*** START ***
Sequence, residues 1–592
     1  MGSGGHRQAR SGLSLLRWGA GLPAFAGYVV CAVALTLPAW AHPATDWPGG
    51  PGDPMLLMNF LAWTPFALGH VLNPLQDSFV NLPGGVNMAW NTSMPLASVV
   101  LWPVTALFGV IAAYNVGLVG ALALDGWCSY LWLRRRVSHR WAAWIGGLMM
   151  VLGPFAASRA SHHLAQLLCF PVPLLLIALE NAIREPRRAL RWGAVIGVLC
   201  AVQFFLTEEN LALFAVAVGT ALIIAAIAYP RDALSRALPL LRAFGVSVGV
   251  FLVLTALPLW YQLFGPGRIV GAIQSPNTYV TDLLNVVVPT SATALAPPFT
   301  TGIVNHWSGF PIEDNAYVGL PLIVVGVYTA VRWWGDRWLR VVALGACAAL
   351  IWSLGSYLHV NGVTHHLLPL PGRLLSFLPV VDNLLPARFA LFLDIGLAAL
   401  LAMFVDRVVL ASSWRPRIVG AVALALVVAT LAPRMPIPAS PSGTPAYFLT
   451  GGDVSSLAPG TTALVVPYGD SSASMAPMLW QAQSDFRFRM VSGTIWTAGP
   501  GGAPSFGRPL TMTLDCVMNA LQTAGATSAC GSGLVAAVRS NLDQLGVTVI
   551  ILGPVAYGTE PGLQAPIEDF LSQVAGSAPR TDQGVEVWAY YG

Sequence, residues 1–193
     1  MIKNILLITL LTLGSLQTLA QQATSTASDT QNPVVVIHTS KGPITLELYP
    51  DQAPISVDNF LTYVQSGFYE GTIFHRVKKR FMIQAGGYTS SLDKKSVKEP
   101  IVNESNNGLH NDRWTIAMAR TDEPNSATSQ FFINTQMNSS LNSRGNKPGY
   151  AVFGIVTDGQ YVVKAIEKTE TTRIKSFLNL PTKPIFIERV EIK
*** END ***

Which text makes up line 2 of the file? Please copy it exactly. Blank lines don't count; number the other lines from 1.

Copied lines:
     1  MGSGGHRQAR SGLSLLRWGA GLPAFAGYVV CAVALTLPAW AHPATDWPGG